- Extended producer responsibility (EPR) bills for packaging are among the top priorities for lawmakers in New York and Maine, panelists said at the Plastics Recycling Conference April 7.
- New York Sen. Todd Kaminsky said he thinks his EPR bill has a fair chance of passing before the state’s legislative session ends in June, even though environmental groups such as the New York League of Conservation voters said they were "disappointed" the bill was not included in the recently passed state budget.
- Maine Rep. Nicole Grohoski, who is drafting a similar packaging bill she plans to introduce "soon," is already promoting the measure as a way to increase the state’s recycling rate. The Natural Resources Council of Maine (NRCM) anticipates a rival bill, possibly backed by packaging industry group AMERIPEN, also could be introduced soon.
Kaminsky and Grohoski’s bill updates – and their vocal support of EPR as a critical recycling and waste reduction strategy – come as about a dozen states saw proposals related to EPR for packaging this year, though models differ. The Break Free From Plastic Pollution Act, which includes a federal EPR bill for packaging, was reintroduced March 25.
Both Kaminsky and Grohoski envision their bills as models for other states, but some critics say their version of EPR puts too much control in the hands of brands to make the rules and not enough control in local municipalities that need funding for recycling infrastructure. In some states, MRFs and haulers also worry EPR laws could disrupt their longstanding contractual relationships.
In Maine and New York, lawmakers say they want to improve recycling rates and shift rising costs away from cash-strapped municipalities. Grohoski and Kaminsky also made the case that their packaging-focused EPR will motivate producers to create packaging that can be more easily recycled and contain more recycled content.
Kaminsky hopes New York will become the first state to establish an EPR program for packaging via his bill, S1185. Under the bill, producers would have to finance the recycling of their paper products and various packaging materials but also would be incentivized to reduce their packaging or use more recyclable materials. The bill includes exemptions for small businesses or producers under certain revenue or waste generation thresholds.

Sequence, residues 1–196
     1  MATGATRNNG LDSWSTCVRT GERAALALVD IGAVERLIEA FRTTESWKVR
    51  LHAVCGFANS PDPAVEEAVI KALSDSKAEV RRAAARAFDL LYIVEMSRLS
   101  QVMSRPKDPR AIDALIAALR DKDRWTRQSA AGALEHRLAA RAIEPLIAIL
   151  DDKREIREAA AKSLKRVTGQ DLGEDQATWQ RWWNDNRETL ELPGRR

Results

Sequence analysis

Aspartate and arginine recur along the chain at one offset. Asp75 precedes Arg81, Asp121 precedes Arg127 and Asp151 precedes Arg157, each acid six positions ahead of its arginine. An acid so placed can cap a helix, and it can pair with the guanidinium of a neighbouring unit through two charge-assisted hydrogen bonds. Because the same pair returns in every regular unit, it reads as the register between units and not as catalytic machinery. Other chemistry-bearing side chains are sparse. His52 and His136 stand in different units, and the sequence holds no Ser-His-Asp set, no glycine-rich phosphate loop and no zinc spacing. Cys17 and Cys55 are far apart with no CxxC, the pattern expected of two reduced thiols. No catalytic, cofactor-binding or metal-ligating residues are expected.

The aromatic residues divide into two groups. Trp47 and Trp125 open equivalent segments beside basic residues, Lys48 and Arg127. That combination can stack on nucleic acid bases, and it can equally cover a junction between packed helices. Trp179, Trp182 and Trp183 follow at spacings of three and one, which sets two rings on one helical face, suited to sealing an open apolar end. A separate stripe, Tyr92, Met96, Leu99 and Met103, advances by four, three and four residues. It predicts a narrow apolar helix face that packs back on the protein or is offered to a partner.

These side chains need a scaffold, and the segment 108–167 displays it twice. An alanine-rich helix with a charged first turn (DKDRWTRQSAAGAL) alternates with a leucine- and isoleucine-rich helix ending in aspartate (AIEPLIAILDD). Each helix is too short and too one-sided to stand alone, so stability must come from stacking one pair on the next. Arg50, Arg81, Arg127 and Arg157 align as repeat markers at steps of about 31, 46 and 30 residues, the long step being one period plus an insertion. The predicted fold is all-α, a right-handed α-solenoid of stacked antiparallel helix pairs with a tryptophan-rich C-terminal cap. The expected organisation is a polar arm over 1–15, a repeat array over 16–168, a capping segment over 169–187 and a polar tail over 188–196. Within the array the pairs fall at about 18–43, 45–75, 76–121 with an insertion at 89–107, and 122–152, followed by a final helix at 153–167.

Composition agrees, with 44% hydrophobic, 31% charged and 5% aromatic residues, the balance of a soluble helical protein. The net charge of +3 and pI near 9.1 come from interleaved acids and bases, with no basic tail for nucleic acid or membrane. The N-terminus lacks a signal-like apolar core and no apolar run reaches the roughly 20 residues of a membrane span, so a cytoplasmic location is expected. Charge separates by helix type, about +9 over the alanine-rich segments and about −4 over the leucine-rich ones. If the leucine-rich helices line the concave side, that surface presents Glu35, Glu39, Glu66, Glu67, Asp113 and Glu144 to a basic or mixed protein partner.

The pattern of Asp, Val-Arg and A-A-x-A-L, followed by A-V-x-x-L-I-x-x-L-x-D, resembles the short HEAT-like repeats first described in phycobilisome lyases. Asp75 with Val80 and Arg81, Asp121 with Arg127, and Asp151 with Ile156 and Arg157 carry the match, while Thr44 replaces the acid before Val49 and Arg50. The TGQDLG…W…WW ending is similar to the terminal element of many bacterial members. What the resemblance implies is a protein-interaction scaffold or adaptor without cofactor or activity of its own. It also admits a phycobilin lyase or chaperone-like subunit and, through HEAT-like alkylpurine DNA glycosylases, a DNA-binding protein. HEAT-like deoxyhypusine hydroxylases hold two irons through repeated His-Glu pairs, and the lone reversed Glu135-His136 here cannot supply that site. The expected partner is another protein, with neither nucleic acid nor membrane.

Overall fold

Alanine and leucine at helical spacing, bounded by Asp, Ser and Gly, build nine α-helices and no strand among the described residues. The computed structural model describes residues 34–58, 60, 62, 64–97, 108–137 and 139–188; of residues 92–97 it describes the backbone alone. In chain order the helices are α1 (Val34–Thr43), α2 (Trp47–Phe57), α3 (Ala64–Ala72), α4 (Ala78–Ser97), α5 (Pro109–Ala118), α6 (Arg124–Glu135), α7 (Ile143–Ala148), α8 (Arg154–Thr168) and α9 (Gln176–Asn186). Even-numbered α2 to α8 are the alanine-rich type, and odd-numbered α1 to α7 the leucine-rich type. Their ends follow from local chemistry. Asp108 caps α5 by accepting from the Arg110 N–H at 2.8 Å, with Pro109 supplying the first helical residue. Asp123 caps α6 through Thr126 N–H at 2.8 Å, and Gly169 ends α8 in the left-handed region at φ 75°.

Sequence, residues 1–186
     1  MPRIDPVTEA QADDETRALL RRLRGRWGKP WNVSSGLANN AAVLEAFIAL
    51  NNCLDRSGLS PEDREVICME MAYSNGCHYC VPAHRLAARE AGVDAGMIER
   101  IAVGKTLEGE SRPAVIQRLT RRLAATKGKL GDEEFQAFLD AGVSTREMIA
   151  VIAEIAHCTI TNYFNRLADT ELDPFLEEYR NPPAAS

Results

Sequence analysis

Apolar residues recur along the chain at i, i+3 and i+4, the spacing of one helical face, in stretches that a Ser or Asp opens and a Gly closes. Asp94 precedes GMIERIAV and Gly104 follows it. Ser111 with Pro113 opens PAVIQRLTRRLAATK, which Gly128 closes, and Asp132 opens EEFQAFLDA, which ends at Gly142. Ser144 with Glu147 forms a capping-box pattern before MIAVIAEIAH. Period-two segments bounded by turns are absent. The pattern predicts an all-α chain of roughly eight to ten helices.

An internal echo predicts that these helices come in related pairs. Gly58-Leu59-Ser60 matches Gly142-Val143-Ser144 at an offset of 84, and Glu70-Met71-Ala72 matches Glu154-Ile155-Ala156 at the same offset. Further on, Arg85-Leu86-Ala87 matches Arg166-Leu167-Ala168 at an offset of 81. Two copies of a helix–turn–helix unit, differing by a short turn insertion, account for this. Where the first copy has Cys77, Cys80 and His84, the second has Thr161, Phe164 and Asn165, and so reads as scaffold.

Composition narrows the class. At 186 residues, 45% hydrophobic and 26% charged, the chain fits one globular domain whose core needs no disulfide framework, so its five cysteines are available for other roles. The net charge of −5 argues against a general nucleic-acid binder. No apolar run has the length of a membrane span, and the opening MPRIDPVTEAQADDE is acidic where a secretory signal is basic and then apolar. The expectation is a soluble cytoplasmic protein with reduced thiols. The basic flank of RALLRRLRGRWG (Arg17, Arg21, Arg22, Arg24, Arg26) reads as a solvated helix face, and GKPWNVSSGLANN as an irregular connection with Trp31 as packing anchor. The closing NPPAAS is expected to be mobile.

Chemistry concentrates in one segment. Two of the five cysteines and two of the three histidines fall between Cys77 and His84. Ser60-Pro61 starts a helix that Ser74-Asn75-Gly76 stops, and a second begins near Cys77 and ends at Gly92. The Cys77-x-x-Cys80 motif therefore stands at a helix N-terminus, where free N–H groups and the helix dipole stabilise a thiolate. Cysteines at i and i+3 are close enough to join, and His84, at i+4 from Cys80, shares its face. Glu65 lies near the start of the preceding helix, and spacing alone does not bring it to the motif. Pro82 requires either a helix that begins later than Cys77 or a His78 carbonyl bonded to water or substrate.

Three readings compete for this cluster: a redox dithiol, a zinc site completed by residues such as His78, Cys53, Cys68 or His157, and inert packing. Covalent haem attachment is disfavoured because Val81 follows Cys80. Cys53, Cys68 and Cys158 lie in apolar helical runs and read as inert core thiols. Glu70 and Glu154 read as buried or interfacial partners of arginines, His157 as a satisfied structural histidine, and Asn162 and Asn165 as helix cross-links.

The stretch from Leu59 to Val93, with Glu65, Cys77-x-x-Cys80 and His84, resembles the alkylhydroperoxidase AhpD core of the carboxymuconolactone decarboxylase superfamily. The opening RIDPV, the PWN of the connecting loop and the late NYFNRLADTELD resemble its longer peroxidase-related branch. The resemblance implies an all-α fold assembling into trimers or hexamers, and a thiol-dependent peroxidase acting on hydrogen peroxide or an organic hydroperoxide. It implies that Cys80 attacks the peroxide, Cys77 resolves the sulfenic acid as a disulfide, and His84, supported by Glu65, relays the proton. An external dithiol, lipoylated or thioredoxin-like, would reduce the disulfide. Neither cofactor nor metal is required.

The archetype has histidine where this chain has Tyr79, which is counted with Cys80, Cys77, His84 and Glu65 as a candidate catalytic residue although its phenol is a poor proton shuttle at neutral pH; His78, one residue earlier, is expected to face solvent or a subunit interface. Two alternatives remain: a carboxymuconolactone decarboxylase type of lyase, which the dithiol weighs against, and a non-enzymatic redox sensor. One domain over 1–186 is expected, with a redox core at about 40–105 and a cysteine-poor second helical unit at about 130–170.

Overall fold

If passed, based on current bill text, producers would not be able to sell or distribute "covered materials" within three years of the bill's passage without an approved plan. Producers would need to meet state minimum post-consumer recycled content rates and minimum recycling rates for their products, but they could decide how best to meet that goal either on their own or as part of a producer responsibility organization.
Kaminsky said this model, which leaves management control mainly in the hands of producers, could be a key to helping the bill pass in New York because it helps create buy-in from big-name brands. At the same time, he said, "municipalities love this idea to know that they're going to get money to invest in their recycling infrastructure, that this is something that they could take off their taxpayers for a large part."
The bill has received support from New York City’s Department of Sanitation and others, but critics include New York’s Business Council, which says the model is not practical. Kaminsky said some local magazine and newspaper publishers also worry the bill could hurt their print production, since some paper is included in the packaging bill. As for critiques about a producer-led system possibly not getting critical funding to local governments, Kaminsky said he believes the state has a strong oversight plan, and he expects to hear quickly if municipalities report problems.
The tension between municipally managed EPR systems and producer-managed systems is playing out in other states, including Hawaii, where two competing EPR bills for packaging are in play: HB1316 calls for packaging producers to be responsible for the management of waste "while ensuring minimal social and environmental impact," while SB1419 would establish a municipal product stewardship program,
In Maine, Rep. Grohoski plans to introduce an EPR bill with a similar model as New York’s.
The bill text is still being finalized and has not been introduced, but Grohoski said it would call for the creation of a stewardship organization to handle packaging, with oversight by Maine’s Department of Environmental Protection. Fees the stewardship organization collects would be based on the amount and type of packaging used in the state, and they would be distributed to municipalities to support recycling programs or education. Currently, municipalities are paying higher costs to manage packaging, and those costs are carried over to taxpayers, she said.
Packaging is about 40% of Maine’s waste stream, and Grohoski says an EPR model specific to this type of material would help the state’s long-standing 50% recycling goal. Maine’s current reported recycling rate is 36%. "At this point the status quo is just really not working, we've had a goal in the statute since the 1980s," she said.
Grohoski says "eco-modulation" is another major facet of her bill. The approach would require producers to pay higher recycling fees for products that are harder to recycle or don’t use recycled content. "We're really trying to use this policy to incentivize not just less packaging but also better packaging," she said.
During a webinar on Friday outlining Grohoski's plan, Sarah Nichols, Sustainable Maine director for NRCM, said she anticipates seeing a competing bill introduced soon. AMERIPEN has not yet responded to request for comment on its role in creating or backing a separate EPR bill in Maine. The group had opposed to EPR programs in the past, but it began signaling that it might change that view earlier this year.